Computer Engineering Program Qualifying Exam

The objective of the qualifying examination is to assess the student’s potential to begin doctoral-level research. The latter requires the student to demonstrate the following in their primary research area and two secondary research areas:

  • an ability to state a problem clearly, provide its motivation, and the requirements for a solution.
  • an ability to determine if a solution is correct.
  • an ability to assess to what extent a (presumably correct) solution meets the requirements (solves the problem).
  • an ability to describe how a problem and its solution fits into the big picture (and to understand the big picture).
  • an ability to communicate effectively (both in writing and speaking) and to answer questions relating to the problem and its solution and the broader research context.


Exam Dates:  August 2022 (exact dates TBD)


June 15, 2022  - The CpE Qualifiers Committee will announce 6 papers, one from each area, to be used for the Exam.

July 15, 2022  -- Declare intent to take the Qualifying Exam and state your selections of primary and secondary areas. (Please submit by email to

One week prior to the exam  -- Submit a written report (max 3 pages in IEEE standard format *) on the paper in the primary area to the Chair of the Doctoral Qualifications Exam Committee  

24 hours before your exam -- Submit your presentation slides to the Committee Chair.   You must use the slides that you submit with no changes.   

The areas identified in Computer Engineering Graduate Handbook for the qualifiers are as follows:

  1. Computer architecture and high-performance computing
  2. VLSI, System on chip; low power design
  3. Distributed systems; Dependable and Secure computing; software engineering
  4. Cyber-physical systems; Embedded, Autonomous, Mobile and Robotic Systems
  5. Machine Learning; NLP; Vision, Image and Signal Processing
  6. Networks and Internet; Internet of Things; Cloud computing


NOTE: Please read the handbook carefully and note the committee’s expectations. The committee will both “assess the student’s potential to begin doctoral-level research,” as well as examine fundamental understanding by asking questions on “related topics.” Therefore, students should not only understand the problem and solution presented in the paper (and demonstrate the “abilities” listed in the handbook), but also be responsible for background material (which is *not* limited to references in the paper) for the question-answer session.


  • Papers for the Qualifying Exam
  • How to Read a Research Paper

    How to Read a Paper
    Some thoughts on reading and understanding a technical paper
    Computer engineering program faculty
    March 2007

    When reading a technical paper, try to answer these questions. Read the paper through quickly to get the big picture and then read it again (as many times as is needed) to understand more levels of detail. Notice how words are used as they may have some technical meaning beyond the scope of the paper (of which you may be unaware).

    When you see equations, try to use words to describe what is being calculated. What is the purpose of each equation? Make up simple examples to see if you understand the general idea as well as the details of the calculation.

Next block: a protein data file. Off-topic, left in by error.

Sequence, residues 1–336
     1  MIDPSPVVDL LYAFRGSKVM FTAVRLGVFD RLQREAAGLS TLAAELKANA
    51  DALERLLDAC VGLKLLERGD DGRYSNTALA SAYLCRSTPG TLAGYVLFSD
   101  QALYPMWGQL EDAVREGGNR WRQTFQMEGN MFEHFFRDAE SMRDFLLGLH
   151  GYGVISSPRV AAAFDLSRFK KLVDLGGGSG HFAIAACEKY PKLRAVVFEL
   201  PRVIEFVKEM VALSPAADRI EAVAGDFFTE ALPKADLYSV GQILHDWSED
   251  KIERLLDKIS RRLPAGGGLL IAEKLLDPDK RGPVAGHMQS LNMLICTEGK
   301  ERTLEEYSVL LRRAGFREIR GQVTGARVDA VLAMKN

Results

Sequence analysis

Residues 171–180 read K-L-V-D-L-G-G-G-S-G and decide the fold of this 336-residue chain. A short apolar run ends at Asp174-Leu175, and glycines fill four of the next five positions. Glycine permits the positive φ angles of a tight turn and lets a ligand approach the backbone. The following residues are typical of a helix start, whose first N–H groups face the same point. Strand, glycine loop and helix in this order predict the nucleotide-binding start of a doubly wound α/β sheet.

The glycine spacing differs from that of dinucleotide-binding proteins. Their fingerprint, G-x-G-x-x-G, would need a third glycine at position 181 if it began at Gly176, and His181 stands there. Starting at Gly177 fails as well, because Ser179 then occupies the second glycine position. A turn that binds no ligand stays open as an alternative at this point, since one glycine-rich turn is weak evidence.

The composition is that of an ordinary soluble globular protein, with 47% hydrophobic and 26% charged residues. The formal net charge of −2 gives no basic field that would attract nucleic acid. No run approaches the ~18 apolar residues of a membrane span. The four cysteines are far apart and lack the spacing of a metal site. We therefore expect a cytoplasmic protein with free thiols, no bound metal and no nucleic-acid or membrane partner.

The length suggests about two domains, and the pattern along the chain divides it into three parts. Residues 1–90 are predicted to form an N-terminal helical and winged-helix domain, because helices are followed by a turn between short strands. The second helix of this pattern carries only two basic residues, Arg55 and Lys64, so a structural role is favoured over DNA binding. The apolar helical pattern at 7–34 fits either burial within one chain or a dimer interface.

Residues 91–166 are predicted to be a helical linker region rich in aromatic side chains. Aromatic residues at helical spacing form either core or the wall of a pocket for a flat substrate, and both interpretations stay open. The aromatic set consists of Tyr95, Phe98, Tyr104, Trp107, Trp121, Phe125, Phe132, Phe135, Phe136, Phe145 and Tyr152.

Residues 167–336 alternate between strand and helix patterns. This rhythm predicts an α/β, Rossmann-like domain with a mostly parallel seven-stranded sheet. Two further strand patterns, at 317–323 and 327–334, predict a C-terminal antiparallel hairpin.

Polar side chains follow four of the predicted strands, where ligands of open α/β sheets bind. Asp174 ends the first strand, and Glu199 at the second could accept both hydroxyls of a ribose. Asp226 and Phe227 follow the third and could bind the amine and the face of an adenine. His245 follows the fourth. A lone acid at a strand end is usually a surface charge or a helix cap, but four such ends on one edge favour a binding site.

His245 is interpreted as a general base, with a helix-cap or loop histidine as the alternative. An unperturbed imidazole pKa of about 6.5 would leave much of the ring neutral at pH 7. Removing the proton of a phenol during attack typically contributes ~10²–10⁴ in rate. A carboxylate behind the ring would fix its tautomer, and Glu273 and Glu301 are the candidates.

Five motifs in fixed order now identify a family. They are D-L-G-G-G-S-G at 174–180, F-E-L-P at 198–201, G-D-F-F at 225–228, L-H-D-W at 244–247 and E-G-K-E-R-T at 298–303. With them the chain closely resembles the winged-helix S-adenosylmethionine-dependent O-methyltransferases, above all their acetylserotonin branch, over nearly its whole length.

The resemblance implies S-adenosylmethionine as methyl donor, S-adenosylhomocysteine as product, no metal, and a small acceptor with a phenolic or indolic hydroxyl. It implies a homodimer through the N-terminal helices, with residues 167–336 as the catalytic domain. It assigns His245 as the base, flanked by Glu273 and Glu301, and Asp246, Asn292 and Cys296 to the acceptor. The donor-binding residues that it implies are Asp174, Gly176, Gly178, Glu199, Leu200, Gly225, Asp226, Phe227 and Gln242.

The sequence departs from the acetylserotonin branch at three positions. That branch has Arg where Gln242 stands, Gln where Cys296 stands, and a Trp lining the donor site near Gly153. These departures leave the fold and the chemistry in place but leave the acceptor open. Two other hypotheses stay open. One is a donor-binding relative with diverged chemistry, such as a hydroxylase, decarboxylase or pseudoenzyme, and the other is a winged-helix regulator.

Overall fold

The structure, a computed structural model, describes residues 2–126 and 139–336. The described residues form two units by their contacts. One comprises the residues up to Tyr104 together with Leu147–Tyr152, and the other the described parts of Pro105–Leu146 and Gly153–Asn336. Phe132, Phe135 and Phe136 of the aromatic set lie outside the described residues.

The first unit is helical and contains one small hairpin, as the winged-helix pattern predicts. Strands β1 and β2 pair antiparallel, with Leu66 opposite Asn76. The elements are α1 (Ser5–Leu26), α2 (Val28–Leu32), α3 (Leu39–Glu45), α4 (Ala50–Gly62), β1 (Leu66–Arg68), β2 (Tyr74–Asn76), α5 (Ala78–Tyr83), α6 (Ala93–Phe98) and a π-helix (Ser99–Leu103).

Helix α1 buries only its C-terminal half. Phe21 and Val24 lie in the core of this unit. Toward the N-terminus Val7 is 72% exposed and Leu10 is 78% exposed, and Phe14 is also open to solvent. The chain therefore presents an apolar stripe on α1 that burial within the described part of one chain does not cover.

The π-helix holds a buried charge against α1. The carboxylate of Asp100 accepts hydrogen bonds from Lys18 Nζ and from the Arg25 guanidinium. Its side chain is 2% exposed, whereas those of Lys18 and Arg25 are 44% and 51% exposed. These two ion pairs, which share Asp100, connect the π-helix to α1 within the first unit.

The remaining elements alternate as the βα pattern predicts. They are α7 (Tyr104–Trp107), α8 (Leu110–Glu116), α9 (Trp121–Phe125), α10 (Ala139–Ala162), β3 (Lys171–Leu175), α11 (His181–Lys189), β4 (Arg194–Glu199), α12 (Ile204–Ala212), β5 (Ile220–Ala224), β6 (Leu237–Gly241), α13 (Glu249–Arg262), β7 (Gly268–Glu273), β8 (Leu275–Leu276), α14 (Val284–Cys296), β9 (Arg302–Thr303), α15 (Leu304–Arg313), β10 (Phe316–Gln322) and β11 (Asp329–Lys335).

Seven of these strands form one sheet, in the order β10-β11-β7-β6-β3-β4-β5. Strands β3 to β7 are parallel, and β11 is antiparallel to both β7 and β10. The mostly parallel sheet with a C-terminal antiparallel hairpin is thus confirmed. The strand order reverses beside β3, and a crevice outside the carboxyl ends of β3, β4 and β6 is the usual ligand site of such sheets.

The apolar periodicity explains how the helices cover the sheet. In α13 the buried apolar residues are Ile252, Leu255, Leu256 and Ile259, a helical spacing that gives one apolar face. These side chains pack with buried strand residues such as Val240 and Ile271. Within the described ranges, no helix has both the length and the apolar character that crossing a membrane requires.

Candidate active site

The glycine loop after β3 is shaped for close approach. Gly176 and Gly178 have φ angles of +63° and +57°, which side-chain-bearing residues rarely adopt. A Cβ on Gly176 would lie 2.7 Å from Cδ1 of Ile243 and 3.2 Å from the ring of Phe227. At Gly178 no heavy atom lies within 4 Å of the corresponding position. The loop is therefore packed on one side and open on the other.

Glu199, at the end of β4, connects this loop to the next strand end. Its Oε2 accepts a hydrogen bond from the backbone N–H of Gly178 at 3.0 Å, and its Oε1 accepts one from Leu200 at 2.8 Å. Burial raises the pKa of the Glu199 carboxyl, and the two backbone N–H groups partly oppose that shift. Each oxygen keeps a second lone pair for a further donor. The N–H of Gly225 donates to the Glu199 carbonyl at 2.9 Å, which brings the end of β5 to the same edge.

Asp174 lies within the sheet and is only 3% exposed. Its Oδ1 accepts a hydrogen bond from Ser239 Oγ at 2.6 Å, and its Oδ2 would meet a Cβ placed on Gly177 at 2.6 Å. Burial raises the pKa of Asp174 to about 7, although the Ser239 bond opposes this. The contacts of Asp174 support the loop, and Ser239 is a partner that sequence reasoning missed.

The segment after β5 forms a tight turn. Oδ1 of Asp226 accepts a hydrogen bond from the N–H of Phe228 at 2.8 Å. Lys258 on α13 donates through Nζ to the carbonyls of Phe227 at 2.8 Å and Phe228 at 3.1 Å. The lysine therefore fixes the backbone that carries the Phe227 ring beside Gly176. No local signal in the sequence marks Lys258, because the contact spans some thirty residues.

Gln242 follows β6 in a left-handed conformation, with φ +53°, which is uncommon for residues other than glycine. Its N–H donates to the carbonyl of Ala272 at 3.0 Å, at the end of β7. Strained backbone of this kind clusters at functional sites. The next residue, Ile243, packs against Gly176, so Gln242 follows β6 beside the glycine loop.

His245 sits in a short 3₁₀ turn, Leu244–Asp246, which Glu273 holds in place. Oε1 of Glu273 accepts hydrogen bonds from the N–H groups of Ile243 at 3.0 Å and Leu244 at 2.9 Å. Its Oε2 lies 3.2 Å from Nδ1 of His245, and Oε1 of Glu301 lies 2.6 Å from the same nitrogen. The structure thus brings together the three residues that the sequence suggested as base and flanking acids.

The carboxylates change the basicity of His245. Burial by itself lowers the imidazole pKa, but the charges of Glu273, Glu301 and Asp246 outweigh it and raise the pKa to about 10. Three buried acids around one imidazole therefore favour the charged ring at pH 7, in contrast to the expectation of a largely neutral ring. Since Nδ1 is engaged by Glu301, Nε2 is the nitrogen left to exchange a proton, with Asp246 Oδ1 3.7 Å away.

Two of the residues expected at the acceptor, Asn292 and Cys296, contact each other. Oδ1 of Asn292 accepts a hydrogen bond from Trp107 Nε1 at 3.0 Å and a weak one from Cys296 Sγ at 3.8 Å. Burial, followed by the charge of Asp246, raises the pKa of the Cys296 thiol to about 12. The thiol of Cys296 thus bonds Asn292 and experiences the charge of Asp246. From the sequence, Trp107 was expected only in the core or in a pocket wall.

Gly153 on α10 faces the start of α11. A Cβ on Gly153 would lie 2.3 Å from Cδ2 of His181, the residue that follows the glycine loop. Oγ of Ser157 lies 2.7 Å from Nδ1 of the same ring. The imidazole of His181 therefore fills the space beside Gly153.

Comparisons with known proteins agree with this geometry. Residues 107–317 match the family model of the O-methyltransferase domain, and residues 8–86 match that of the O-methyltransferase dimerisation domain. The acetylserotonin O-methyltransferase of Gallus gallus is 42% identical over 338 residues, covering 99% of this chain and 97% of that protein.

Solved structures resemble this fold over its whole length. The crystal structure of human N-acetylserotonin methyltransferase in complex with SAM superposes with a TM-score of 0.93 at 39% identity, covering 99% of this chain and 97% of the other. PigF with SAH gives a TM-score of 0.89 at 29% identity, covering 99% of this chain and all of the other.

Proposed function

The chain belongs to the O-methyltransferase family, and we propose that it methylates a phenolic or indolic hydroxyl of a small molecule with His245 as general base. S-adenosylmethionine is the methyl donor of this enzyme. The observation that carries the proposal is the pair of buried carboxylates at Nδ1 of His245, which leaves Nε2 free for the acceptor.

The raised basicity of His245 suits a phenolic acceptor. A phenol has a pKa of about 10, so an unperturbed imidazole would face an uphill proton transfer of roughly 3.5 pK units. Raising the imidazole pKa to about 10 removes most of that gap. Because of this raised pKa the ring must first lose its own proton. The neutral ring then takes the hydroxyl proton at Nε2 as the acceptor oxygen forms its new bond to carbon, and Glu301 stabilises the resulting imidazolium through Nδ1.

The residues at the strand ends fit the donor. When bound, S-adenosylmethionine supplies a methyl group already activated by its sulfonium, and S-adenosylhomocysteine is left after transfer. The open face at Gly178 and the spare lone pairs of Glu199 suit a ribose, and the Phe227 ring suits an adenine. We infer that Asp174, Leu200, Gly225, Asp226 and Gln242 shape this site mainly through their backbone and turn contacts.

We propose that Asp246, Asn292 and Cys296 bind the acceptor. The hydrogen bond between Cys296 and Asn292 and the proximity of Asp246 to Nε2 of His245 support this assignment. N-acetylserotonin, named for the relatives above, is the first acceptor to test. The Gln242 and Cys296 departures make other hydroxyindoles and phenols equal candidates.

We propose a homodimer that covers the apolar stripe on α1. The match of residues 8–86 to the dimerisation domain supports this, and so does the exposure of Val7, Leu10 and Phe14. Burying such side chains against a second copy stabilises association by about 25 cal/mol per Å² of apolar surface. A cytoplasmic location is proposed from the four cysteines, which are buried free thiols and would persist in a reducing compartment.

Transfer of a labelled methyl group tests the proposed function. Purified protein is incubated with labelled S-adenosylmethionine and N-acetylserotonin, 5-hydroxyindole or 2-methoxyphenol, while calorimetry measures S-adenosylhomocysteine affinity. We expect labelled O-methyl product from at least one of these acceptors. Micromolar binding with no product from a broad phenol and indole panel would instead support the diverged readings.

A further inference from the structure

Also be careful of exaggerated claims. Attempt to answer these questions in your own words, not in the author’s words, since the author’s words may be biased.

    1. What is the motivation for the work? What problem are they trying to solve?
    2. What is the hypothesis that the authors are investigating? What is the idea that is being considered?
    3. What is the methodology used to perform the investigation of their hypothesis? What “experiment” is defined? What particular problem is being solved?
    4. Is this a valid experiment? Is there reason to believe that results from this experiment would shed light on the problem? (this question is separate from the actual results of the experiment. It relates to the design of the experimental vehicle itself.)
    5. How will the work be evaluated? What are the success criteria? How will the author know whether the approach is a good idea? (This is also separate from the results. It relates to understanding the setup of the experiment.)
    6. What is the novelty of the work described? What’s new? How does it relate to earlier work?
    7. What assumptions (stated and unstated) are being made? How would one test the validity of these assumptions? Do the authors justify the assumptions?
    8. What are the limitations of the work? What questions remain unanswered? What new questions arise?
    9. Do the intro and conclusions adequately convey your impression of the work, its motivation, its contribution?

    Finally, a more personal perspective.

    • How does the topic in the paper relate to your interests and research?
    • Could you have written this paper? If no, why not? Any missing knowledge? Any critical ideas? If yes, why didn't you write it?
    • Do you have any ideas for follow-up work that you may pursue in order to write your own paper on the topic? Do you plan to pursue any of these ideas?
  • FAQs

    Over the years, the students and faculty involved in the exam process have created a list of do's and don'ts to help guide students as they prepare for the exam.  The Exams are typically given in January and August of each year before classes begin.  

    See here for more FAQs.

  • The Computer Engineering Doctoral Qualifications Exam Committee

    The Members are: 
    Barry Johnson, Chair
    Benton Calhoun
    Yixin Sun
    Geoffrey Fox